Honoring Your Pain, Avoiding Suffering: It’s Possible!
Two years ago, I was diagnosed with hip degeneration. This was actually my second hip deterioration, as my left hip was replaced in 2007. I realized I could see this second degenerative hip, this time on the right side, as either an ordeal or an experience. I chose the latter. I chose to go through this second hip degeneration as an explorer to see firsthand if the experience could be different by applying all that I have learned through life coaching.
Early on, I asked myself what I desired from this new adventure. I decided that I wanted to experience this hip degeneration as authentically as I could. That summed it up for me. I wasn’t asking that the process go quickly so I could get my replacement. In fact, I was trying not to be attached to any particular outcome of when the surgery would happen. I simply desired to have an authentic process.
While my process has not been perfect, I would say that it has been authentic and honest. When I was sad and grieving my loss of ability, I would allow myself time to feel that sadness. I mourned when my body let me know that the planned hiking vacation in the Lake District of England would not be in my best interest. Then I was able to cancel the vacation without any reservations or regrets. Allowing myself to feel this deep grief and not stuff it down into the cellar of unfelt emotions allowed me to move forward and avoid getting stuck in grief for months or even weeks on end.
Going through this process taught me so much. I learned to build a co-creative relationship with my body, which has made all the difference. Again, there are times when my body told me loud and clear that I was not paying attention and needed to be reined in. However, I allowed myself to be reined in. I allowed myself to not be perfect at this adventure. It was exactly that—an adventure—and it was full of trial and error.
What did I learn? I learned that our thoughts or limiting beliefs have tremendous impact on how much pain we feel. I realized that if I investigated my limiting beliefs, the pain I experienced was minimized. I also learned that pain is a form of communication from my body. Therefore, I learned to listen to the pain, experience its communication, and honor it. For example, if I was working out on the arc trainer and felt discomfort in my right knee, I did not ignore the pain. I acknowledged the pain and leaned into it. Sometimes, the discomfort would pass. Sometimes, it would not, which let me know that it was time to slow down, decrease the resistance, or end my work out on the arc trainer altogether. I would respond to the discomfort and if the pain dissolved, I felt that was my body saying, "You can continue on." If the pain did not dissolve, I felt that was my body saying, "Please stop."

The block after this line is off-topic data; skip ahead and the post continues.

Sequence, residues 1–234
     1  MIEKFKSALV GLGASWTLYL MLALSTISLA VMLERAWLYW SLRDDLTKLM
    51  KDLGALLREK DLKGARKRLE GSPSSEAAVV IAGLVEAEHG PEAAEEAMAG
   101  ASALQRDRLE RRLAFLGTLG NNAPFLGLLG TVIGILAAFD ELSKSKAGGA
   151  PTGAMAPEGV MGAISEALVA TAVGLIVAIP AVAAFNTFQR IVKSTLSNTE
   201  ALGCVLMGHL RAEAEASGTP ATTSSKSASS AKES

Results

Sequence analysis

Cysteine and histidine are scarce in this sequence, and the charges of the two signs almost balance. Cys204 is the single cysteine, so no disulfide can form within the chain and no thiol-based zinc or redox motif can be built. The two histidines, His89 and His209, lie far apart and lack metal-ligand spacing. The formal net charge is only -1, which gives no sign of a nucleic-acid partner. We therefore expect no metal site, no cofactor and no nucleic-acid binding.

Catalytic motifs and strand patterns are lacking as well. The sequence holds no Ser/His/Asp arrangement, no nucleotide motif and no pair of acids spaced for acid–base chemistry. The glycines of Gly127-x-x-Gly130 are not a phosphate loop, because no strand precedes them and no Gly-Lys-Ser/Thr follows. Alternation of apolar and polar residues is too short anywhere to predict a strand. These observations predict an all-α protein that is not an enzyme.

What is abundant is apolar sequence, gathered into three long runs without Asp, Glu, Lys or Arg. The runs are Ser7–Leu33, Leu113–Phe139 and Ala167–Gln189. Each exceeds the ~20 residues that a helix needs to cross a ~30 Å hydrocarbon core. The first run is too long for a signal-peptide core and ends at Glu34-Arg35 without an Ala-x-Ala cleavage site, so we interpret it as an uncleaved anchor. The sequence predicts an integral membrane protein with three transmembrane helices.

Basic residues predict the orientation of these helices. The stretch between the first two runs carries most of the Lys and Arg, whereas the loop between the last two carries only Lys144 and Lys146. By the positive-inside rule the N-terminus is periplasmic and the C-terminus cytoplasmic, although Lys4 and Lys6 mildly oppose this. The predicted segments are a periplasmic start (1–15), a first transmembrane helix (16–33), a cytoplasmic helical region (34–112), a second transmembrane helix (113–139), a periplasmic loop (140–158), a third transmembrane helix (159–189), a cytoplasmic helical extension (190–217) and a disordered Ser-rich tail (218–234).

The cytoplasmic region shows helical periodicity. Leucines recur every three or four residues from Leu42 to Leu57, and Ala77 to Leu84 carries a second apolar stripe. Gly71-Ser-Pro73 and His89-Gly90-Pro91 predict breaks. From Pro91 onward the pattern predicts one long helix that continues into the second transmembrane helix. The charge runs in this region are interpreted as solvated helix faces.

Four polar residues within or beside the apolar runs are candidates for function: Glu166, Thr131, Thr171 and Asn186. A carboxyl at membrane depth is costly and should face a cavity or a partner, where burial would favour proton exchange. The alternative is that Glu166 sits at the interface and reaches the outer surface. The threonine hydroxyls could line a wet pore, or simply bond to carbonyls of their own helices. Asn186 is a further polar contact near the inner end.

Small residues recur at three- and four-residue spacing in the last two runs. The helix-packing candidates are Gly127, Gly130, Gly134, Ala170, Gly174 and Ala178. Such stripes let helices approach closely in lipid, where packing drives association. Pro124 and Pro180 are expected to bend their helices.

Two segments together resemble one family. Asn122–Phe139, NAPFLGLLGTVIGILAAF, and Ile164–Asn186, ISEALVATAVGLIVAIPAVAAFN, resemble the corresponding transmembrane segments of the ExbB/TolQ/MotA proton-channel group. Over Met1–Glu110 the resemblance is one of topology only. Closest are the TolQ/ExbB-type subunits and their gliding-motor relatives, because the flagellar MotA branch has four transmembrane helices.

I was so amazed by what I was discovering on my journey that I decided to submit a proposal to the American College of Sports Medicine. In fact, I gave my presentation at their national conference in April of 2014! I wanted to share my journey and my knowledge so that others could learn that they too could experience injury and illness with less suffering. There might be pain, but suffering is not a mandate for injury and illness. I have learned that suffering, just like wellness, is a choice we can make. I chose wellness!
When I went to my surgeon on February 4th for a check-up, I was not expecting his news. I was experiencing more pain than I had been months earlier, but I was still functioning pretty well: I was making choices that worked for me, and I did not view my life from a world of limitations but from one of choices. I was happy and not feeling as depressed as I had at the end of my first hip degeneration. To be clear, I received a good amount of support from phenomenal Certified Martha Beck life coaches to help keep me honest during this time. Naturally, I was shocked to learn that my hip had worsened to the point that it was bone on bone and I was a great candidate for hip replacement, which could happen in one month.
Hours later, I realized that I did it! I experienced my hip degeneration process as authentically as I could. I had grieved and had avoided depression because I allowed myself to feel the grief. So, I write this e-newsletter two days before my surgery date—this coaching stuff is real, and it works! I find myself full of gratitude today for having the opportunity to use this experience and my body as my own little lab to see what is possible. I am proud to say that experiencing injury and illness with minimal suffering is absolutely possible! You will all be receiving this after my hip has already been replaced and I have begun my new adventure of recovery and rehabilitation. I look forward to seeing you on the other side.
I recently discovered an organization called One Billion Rising. One Billion Rising is a campaign started by Eve Ensler, creator of The Vagina Monologues and, from what I have discovered, the largest campaign in history to end violence toward women. Here is their website, where you can learn more.
Additionally, I am sharing with you this year’s V-Day video, which was choreographed by the award-winning Debbie Allen. This video helped me learn about their campaign. I hope you choose to support One Billion Rising!
I found this quote by Carlos Castaneda when I was putting my presentation "Living for the Long Haul" together for the American College of Sports Medicine’s national conference for practitioners. It seemed like a great piece to end my presentation, and it seems appropriate to share with all of you now as I prepare for my new hip.
Until next time,
Safe Space Life Coaching